HEADS-UP: starting to commit linuxolator (SoC 2006) changes...

Alexander Leidinger Alexander at Leidinger.net
Tue Aug 15 13:33:00 UTC 2006

Quoting Suleiman Souhlal <ssouhlal at FreeBSD.org> (Tue, 15 Aug 2006 14:53:56 +0200):

I'm doing post-commit checks now (everything is commited and I'm doing
a kernel build now)...

> Alexander Leidinger wrote:
> > I already started... and I don't want to commit some parts (the linker
> > stuff which allows to use the module on amd64).
>  >
> > It is also not used by default, as long as we have 2.4.2 for the linux
> > version, no new functions will be used by glibc. So there is no change
> > in behavior after the commits. I tested with acroread (which has issues
> > when run with a 2.6.16 compat.linux.osrelease version, where the new
> > functions are used by glibc).
>  >
> > So this gives us:
> >  - coverity reports for the code *before the end of the SoC*
> Why the rush? I'm sure Roman will be around even when the SoC is over.

Yes, but first he will take a vacation, and then he will not be
available as much as he is now. And maybe Coverity will detect a bug
which we search currently but can't find (don't know how likely this
is, but it is at least possible).

> Also, I'm not asking you to wait a month, just a couple of days until 
> more people have had a chance to look at the changes.

I thought about this before deciding to commit it. Most of the code was
available in P4. Those people with real interest already had a chance
to look at it, or they didn't had time to do so. If they didn't had
time to have a look at it, who knows if they have time to do it now?
There's always someone who says "oh... if you waited 2 days longer...".

That's not the only reason. Tomorrow my holiday is over and I have to
catch up at work. Today I have plenty of time to commit urgent issues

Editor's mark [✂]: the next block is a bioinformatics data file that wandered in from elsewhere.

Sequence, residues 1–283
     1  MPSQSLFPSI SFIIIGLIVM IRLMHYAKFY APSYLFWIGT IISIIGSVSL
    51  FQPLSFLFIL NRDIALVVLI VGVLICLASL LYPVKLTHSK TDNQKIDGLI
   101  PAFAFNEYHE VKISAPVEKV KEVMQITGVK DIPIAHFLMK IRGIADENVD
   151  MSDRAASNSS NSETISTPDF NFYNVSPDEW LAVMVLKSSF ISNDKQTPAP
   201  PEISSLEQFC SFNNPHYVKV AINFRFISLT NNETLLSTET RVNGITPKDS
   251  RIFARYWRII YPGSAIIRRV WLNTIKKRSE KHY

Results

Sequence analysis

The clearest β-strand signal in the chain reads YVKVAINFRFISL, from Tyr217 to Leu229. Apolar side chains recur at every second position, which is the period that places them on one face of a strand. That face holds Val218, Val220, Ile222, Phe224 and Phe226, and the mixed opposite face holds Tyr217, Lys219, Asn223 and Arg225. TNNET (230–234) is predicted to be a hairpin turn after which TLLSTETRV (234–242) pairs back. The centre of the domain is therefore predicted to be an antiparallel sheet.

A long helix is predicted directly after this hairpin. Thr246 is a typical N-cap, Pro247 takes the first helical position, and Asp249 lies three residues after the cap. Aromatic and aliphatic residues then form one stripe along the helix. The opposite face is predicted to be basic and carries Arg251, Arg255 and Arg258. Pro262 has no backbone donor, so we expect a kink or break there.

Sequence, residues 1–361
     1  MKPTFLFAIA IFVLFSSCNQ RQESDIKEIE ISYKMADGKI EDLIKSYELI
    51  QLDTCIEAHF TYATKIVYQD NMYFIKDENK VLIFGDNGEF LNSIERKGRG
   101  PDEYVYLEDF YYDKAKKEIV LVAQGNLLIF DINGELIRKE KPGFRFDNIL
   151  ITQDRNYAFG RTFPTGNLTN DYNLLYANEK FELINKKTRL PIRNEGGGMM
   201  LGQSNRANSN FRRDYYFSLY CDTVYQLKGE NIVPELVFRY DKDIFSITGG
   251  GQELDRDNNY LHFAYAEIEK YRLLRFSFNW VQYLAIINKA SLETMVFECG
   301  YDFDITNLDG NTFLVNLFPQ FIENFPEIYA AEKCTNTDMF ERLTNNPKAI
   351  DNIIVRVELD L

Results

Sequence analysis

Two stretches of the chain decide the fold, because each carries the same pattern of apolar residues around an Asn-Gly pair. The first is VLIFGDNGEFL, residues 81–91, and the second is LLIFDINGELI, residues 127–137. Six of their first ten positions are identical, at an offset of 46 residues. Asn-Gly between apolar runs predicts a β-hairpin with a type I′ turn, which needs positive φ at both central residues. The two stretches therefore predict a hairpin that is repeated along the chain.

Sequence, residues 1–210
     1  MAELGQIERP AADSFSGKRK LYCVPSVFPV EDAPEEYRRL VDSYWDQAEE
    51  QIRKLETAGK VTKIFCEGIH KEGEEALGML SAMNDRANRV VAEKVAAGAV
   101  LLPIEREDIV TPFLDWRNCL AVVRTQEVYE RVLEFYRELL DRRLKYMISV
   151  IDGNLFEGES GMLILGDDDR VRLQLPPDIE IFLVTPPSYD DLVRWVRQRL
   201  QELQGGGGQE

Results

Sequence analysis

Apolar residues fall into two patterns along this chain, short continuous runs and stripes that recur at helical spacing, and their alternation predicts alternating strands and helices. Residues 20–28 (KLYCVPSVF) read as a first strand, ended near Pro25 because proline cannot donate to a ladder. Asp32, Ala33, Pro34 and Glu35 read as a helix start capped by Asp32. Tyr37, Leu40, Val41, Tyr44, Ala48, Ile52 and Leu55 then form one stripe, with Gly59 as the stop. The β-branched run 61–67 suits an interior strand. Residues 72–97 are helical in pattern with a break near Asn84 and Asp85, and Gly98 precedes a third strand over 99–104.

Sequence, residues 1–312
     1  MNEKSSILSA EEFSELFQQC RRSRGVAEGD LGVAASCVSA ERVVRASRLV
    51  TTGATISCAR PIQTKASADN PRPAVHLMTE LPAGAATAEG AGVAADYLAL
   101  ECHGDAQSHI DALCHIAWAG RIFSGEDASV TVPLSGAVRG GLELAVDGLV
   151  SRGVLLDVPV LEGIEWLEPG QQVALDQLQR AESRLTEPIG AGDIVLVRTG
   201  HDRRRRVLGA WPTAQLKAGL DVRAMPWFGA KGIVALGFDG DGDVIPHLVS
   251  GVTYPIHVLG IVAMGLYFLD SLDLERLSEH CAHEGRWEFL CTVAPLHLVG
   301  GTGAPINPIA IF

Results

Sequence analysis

(e.g., tinderbox breakage). And at the upcomming WE I may not have
enough time to do what I do today.

Additionally, the work is a little bit stalled currently, we need more
testers of the new code. There are a lot of people out there which want
to test, but don't know how to patch or fear to do something wrong when
they patch. With the approach I've taken, they just need to run a
sysctl (compat.linux.osrelease=2.6.16) and they can test. All which
don't want to test just don't need to care about it.

> It's a bit unreasonable to say "here's a patch, please look at it" and 
> commit it less than a day later.

Yes, it was a little bit fast...

> >  - no change in behavior in the default case, since the new calls
> >    aren't used by glibs as long as... see following entry
> >  - easy testing possibility (sysctl compat.linux.osrelease=2.6.16,
> >    defaults to 2.4.2)
> >  - more eyes on the code
> Those are not valid reasons to commit unreviewed and potentially wrong
> changes.

Uhm... how many percent of code committed to current is reviewed before
it is commited? How many percent of the code I committed is not
reviewed and how much is this related to the amount of unreviewed code
committed in a busy week?

I'm running a kernel with this changes here and since I didn't enabled
the new code with the sysctl, I don't see any difference in the
behavior of the linuxolator. The potentially wrong code isn't active.
It's like loading the linprocfs module but not using it.


   Calvin: Can you make a living playing silly games?  His Dad: Actually, you
can be among the most overpaid people on the planet.
http://www.Leidinger.net  Alexander @ Leidinger.net: PGP ID = B0063FE7
http://www.FreeBSD.org     netchild @ FreeBSD.org  : PGP ID = 72077137

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